Its taco-style closure makes packing and transporting gear effortless, and the padded waist and shoulder straps kept us going strong even when the approach took longer.
However, at 18 pounds (8.2 kg), it’s one of the heaviest pads available. Also, while the innovative padding system is great at protecting lower boulders, it leaves something to be desired when used on high-ball problems.
- Easier to protect complicated landings with the baffled taco style design
- Eco-friendly with the use of recycled EVA foam
- Great suspension system with ample support for packing heavy gear
- Great packing space – more than any other pad on the market
- Very sturdy with the 1680 denier nylon construction
- Heavy weight for long approaches
- Shredded EVA foam can accumulates moisture
The Mad Rock R3 is a burly, sustainable crash pad for environmental-conscious climbers looking to easily protect sketchy projects with uneven surfaces. Let’s take a look at the highlights and potential drawbacks of the R3 to help you decide if it’s the right pick for your practice.
Fall Impact Protection
The R3 pad achieves impact protection using a new and novel system as compared to the traditional crash pad design. The pad comprises tubes (a.k.a. “baffles”) sewn together and filled with shredded, popcorn-sized foam. Apart from being tightly packed with foam, the outer fabric of this crash pad is much thicker than usual and actually plays a part in cushioning a falling climber.
The feel of the R3 is soft compared to most other pads. This is due to the fact that it has no layer of closed cell foam on top. Still, the shredded foam interior provides a good amount of support and doesn’t give way under pressure. For shorter problems, it gives the landing zone an almost plush feel.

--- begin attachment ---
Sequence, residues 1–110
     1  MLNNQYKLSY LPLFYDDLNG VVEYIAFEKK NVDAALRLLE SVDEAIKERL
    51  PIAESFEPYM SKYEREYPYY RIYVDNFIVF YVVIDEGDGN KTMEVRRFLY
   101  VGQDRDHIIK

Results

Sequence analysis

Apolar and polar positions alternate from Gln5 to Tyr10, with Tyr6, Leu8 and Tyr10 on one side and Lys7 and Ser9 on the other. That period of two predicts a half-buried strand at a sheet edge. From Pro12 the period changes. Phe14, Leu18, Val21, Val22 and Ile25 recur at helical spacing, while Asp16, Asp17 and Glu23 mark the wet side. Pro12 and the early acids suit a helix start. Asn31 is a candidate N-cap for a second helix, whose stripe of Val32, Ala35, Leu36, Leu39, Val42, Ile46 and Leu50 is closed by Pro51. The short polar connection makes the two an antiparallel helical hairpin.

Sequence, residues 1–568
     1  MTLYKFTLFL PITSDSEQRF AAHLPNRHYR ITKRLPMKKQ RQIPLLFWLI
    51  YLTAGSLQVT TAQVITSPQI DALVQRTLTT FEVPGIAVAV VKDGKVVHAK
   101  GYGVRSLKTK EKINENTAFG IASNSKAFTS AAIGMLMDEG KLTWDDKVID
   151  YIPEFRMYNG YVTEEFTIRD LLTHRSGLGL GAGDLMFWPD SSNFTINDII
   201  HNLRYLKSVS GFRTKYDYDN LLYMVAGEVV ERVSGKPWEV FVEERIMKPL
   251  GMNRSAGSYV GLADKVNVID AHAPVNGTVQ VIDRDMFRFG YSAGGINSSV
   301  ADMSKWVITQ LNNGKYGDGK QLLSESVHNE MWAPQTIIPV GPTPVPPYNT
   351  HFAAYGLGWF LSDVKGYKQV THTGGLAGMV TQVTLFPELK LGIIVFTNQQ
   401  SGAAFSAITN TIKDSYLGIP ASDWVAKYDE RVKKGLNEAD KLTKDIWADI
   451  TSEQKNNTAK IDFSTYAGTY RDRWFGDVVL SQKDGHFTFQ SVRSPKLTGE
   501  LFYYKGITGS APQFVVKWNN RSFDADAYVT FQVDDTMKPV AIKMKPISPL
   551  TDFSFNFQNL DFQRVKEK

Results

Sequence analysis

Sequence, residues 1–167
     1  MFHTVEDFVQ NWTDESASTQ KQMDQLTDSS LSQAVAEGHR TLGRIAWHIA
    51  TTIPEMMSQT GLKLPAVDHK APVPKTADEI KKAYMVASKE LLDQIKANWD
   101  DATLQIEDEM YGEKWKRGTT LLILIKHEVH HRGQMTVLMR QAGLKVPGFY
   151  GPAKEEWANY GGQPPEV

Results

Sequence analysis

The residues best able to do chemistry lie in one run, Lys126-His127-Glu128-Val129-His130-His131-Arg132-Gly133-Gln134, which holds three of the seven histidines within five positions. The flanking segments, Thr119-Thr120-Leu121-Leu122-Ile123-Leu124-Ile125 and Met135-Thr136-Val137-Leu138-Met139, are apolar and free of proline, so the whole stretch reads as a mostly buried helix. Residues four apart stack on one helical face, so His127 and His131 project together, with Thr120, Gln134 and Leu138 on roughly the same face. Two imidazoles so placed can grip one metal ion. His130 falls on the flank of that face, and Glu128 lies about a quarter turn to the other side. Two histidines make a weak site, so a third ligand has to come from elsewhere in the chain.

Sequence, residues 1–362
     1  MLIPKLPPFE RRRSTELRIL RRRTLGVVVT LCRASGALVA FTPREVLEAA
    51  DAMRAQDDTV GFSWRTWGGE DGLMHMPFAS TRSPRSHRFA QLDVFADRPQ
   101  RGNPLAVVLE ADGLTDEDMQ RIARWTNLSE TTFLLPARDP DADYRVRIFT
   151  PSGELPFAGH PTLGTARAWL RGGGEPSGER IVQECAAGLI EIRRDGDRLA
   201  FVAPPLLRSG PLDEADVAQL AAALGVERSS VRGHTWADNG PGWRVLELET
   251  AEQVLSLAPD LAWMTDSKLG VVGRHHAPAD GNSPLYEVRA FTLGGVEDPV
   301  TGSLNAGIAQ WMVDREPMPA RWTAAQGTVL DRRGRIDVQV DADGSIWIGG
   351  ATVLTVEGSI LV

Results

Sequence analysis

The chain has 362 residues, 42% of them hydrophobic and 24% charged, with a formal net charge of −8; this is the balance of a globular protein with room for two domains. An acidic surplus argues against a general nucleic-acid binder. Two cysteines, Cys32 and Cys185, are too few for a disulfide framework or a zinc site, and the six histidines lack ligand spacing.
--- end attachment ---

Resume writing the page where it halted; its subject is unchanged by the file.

Overall, the baffled design conforms easily to rocky surfaces proving effective to protect tricky landings. However, as a standalone pad on high ball boulders, the Mad Rock R3 pad leaves something to be desired. Compared to pads with a traditional combination of open and closed cell foam, it just doesn’t provide the same amount of protection. In these scenarios, the R3 works better as a satellite/supplemental pad instead of bearing the brunt of the fall as a primary pad.
When measuring the durability of a crash pad there are two things to consider:
- Fabric exterior
- Foam interior
The fabric exterior of the R3 crash pad uses a burly 1680 denier nylon, one of the thickest and most resistant fabrics available today. This is not a pad that you need to worry about ripping. You can drag, flop, scrape, and throw the R3 with confidence. The outer shell is unfazed by sharp rocks and surfaces and will stand up to the elements for many years.
Similarly, the aluminum buckles and daisy chain webbing are heavy duty features that wear well in harsh conditions. When using the pad in pack mode, the attachment points for the straps are all threaded through thick nylon webbing. The latter is solidly attached to the main body of the pad with multiple bar-tacks. This reassured us that even under heavy loads the weight will be well distributed across the pad and won’t end up causing any tears.
As for the inside of the pad, the recycled EVA foam is the part that may have a shorter lifespan. Because it’s shredded, the foam packs out similar to synthetic insulation and loses its loft over time. This means that the foam won’t have the same lifespan as other pad with solid sheets of foam inside.
However, Mad Rock markets the R3 as an eco-conscious pad. As such, it offers replacement foam for when the original stuff packs out so much that it begins to effect performance. This makes the R3 more durable than other pads. Indeed, most competitors don’t service pads once the foam loses shock absorption.
It’s also worth noting that the R3 makes less environmental waste as it uses recycled EVA foam.
Ease of Use